Mercedes-Benz reintroduced six-cylinder models to its range in 1951 with the 220 and 300 types, both of which were shown at the Frankfurt Show in the spring of that year. Both featured single overhead camshaft engines with the valves set across the head, rather than in line, and actuated by rockers. The 220 was powered by a 2,195cc six-cylinder engine producing 80bhp at 4,600rpm, good enough for a top speed of 100mph with acceleration to match, while the gearbox was an all-synchromesh four-speeder with column change. A separate chassis was retained for these models, which were replaced in 1956 by a new range featuring unitary construction bodyshells employing large, box-section side-members – hence the term ‘Ponton’.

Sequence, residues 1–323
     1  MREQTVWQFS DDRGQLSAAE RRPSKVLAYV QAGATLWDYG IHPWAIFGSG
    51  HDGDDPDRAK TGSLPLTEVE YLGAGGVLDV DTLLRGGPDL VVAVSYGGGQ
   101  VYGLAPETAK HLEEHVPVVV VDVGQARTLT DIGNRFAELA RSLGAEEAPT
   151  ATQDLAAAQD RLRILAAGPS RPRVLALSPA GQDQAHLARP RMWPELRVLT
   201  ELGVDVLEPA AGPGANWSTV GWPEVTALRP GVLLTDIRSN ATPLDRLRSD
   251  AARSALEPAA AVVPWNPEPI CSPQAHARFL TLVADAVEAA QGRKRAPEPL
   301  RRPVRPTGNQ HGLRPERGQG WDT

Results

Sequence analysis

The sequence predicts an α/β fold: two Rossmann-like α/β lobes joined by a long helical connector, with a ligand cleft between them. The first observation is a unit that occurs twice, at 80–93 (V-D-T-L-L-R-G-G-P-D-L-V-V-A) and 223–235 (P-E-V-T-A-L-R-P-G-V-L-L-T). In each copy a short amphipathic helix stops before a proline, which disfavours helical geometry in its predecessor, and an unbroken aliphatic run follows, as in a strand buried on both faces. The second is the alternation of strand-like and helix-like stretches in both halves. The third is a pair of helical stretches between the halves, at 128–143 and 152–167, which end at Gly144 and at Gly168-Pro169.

All-round coil-sprung independent suspension had long been a fixture of the Mercedes-Benz range, and that of the newcomers benefited from the newly developed single-pivot rear swing axle. A shorter wheelbase was adopted for the cabriolet model that appeared in May 1956 and also for the coupé introduced the following year when the Hydrak semi-automatic transmission become available as an option. Luxuriously equipped in the best Daimler-Benz tradition, these superbly constructed Gran Turismos were priced some 70% above the 220S saloon.
This lovely 220S Ponton was subject to much restoration work in recent years, resulting in what is now a fantastic looking example. Said to be in good driving condition and with a very modest 71,000 Kilometres from new this must be one of the best examples available on the open market.